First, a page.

Our friends, Jeff and Lisa Sepesi, whose permanent residence is in North Carolina, are building a house on the property. They invited us to play with them at this magnificent private resort that includes two world-class courses paralleling a mile and a half of breathtaking Pacific coastline.

Before we descended the steps to the spectacular practice range at the Dunes Course, designed by Davis Love III, we took advantage of the breakfast slider bar. Like the other courses in Cabo, the green fee includes all the food and beverages. We enjoyed egg and bacon sliders accompanied by fresh smoothies made with blueberries, strawberries, and/or bananas. Later, while playing golf, we made pit-stops to indulge in small plates and skinny margaritas at course-side comfort stations.

Course #3: Rancho San Lucas

We had the good fortune to be paired with a lovely couple, Shairida and Johnnie Mack, who’ve been coming to Cabo for 25 years. The Greg Norman-designed course is the centerpiece of the 834-acre private Solmar Group resort. On this particular day, the wind was whipping up the sand from the beach and high dunes, creating an extraordinary challenge. To reward ourselves for surviving what felt like a Saharan desert storm, and continue the friendship we developed during our round, we drove up the hill to Picaro for drinks, and to take in the magnificent view from the tranquil patio. The menu looked superb, especially the Charbroiled Giant Shrimp.

Course #4: El Cardonal

Lucky us. Jeff and Lisa had us come to Diamante again to play this second course, designed by Tiger Woods. Oh, were we in for a treat. Wide landing areas and stunning views of the Pacific Ocean made the experience fun and memorable. We joined them later for dinner at a seaside restaurant in downtown Cabo. Situated on the Medano beach shoreline, SUR Beach House is part of the trendy Bahia Hotel Group. From the outdoor seating area we could see cruise ships anchored out in the bay. Cabo does not have a cruise ship dock yet, but there is probably one on the drawing board. There is a massive amount of construction going on — hotels, resorts, hundreds of private homes — so for the next ten to twenty years, this tourist destination will only grow bigger; and for cruise ship travelers too.

Course #5: Puerto Los Cabos Golf Club

This is one of three public golf courses in Los Cabos owned by Questro Golf. The first nine holes we played was called the Nicklaus II Course. The tiny greens were lightning fast and confounded us. More experience would have helped us adjust.
While lining up a putt, I spotted a giant lizard on the edge of the green with sharp spikes protruding from the ridge of its long back. This Spiny-Tailed Iguana was one scary reptile. Just as the sun was setting, we finished the second nine holes on the Norman Course.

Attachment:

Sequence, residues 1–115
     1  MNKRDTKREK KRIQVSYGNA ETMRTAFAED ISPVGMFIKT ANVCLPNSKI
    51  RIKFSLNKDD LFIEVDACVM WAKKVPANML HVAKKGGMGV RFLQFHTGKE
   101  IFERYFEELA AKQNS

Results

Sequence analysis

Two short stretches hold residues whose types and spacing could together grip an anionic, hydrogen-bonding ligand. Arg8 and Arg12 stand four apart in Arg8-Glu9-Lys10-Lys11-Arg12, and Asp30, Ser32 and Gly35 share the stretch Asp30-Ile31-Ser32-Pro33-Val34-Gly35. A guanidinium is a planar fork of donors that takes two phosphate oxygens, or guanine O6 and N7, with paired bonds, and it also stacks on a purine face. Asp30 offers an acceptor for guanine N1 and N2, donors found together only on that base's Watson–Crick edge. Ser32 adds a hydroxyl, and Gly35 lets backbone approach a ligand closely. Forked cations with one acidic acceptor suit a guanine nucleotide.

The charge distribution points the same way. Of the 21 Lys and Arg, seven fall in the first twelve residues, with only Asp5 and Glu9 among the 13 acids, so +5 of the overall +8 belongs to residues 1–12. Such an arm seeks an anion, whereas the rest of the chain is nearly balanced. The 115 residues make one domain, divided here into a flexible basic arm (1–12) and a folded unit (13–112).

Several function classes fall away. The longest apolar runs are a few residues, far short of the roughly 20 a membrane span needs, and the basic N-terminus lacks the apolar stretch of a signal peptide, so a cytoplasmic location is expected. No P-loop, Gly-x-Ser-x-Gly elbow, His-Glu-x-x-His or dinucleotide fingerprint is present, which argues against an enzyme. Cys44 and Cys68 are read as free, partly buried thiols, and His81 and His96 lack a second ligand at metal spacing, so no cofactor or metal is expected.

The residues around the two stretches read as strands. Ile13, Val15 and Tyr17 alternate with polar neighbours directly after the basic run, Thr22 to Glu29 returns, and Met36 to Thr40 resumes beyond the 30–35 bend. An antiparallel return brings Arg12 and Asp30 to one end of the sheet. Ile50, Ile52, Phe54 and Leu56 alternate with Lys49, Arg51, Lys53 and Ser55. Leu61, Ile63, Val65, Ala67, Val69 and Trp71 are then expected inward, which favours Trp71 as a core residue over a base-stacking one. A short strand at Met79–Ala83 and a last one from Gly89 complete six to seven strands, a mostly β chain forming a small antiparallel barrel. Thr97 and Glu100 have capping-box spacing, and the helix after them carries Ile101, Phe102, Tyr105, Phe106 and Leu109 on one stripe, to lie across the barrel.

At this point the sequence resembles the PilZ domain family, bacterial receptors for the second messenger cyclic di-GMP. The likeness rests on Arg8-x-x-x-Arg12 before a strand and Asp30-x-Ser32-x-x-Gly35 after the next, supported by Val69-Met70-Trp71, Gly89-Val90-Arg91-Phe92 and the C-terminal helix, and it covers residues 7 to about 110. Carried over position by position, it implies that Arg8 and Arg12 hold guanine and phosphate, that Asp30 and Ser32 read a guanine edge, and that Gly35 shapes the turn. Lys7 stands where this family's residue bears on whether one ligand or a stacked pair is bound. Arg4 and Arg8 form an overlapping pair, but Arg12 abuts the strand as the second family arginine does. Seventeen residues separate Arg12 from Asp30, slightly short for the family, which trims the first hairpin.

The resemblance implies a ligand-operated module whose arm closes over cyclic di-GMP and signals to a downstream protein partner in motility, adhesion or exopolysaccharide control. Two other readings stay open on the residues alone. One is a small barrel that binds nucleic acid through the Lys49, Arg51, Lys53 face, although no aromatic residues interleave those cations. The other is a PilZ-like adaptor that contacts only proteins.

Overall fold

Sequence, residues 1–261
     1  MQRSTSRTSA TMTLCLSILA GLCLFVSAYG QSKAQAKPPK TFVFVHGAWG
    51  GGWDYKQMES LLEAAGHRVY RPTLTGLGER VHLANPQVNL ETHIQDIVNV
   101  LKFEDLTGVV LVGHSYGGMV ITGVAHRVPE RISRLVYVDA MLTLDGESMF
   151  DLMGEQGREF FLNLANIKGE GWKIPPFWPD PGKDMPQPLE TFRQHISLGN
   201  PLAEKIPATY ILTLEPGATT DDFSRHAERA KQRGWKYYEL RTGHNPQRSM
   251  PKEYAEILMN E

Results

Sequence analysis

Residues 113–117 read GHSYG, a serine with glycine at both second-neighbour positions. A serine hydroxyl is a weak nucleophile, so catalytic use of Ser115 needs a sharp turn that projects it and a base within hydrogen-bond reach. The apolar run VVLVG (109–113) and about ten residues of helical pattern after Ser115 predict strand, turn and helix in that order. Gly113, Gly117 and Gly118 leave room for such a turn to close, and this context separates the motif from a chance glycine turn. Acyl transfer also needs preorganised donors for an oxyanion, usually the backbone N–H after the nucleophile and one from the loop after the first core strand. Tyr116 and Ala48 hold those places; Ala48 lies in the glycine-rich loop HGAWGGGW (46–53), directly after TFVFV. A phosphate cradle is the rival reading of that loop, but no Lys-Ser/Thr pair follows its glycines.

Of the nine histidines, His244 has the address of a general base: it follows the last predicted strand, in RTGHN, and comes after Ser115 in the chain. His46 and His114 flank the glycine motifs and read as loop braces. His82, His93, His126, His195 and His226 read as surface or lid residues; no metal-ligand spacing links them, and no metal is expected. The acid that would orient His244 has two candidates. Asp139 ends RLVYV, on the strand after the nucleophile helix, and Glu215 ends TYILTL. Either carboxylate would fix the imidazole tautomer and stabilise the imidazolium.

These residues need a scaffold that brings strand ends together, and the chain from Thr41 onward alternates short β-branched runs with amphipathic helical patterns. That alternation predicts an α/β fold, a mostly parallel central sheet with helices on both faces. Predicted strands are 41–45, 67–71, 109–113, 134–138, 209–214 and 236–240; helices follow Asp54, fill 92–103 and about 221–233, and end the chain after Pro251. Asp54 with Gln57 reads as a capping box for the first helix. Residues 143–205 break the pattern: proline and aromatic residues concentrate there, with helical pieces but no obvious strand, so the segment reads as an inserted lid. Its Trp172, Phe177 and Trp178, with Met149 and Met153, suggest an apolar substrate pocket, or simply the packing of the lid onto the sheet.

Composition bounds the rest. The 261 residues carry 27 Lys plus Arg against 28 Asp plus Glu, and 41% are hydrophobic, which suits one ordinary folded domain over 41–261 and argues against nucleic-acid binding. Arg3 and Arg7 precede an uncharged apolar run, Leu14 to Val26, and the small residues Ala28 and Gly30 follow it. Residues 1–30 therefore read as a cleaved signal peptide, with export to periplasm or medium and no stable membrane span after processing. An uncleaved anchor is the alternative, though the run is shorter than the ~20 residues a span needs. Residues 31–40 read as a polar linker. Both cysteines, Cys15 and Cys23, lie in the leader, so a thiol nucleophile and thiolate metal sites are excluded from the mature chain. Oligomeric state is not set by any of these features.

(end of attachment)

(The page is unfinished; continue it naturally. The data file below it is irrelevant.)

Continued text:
We were thrilled that our room at Hacienda Del Mar (HDM) was in the main building, high enough up with views of the pool and ocean. We delighted in strolling through the manicured gardens and further enjoyed the nightly themed music and dinners served in the Los Tomatoes Restaurant courtyard.

Once Kevin and I discovered the Pitahayas Restaurant at HDM, we returned two more times. Chef Volker Romeike’s sophisticated menu encompasses tastes from Mexico and exotic dishes from the Pacific Rim cuisine.

Other joys of HDM include the artwork that greets you in the main reception area, and is showcased in other public spaces. Paintings and decor in the lobbies reflect old-world Mexico. More contemporary canvases, 6-foot-high tile portraits and stained glass are found both indoors and outdoors.

Diamante Club entrance

Chileno Bay red bucket

Chileno Bay pool

Course #6: Club Campestre San Jose

Today we were in for a big surprise. The starter on the first tee informed us that the word campestre means “country” or “rural.” This course is also a Nicklaus design, and part of the Questro Golf communities. When we reached the fourth hole, the first par-5, the meaning of the word campestre was underscored when a herd of goats meandered onto the course. They bunched up in the shade of a big tree behind a bunker on the left side of the fairway. I aimed my shot in the direction of the goats, knowing I couldn’t reach them or the bunker, and it would position me for my third shot onto the green.

Kevin and I were both trying to get a decent photograph to send back to pals at Lahinch Golf Club in Ireland, where two goats roam the course. The tradition of keeping the goats stems back to before weather apps became the norm. If the goats took shelter by the clubhouse it meant rain was on the way. The goats are so beloved that one is now part of the Lahinch logo.

Course #7: Club Cabo Real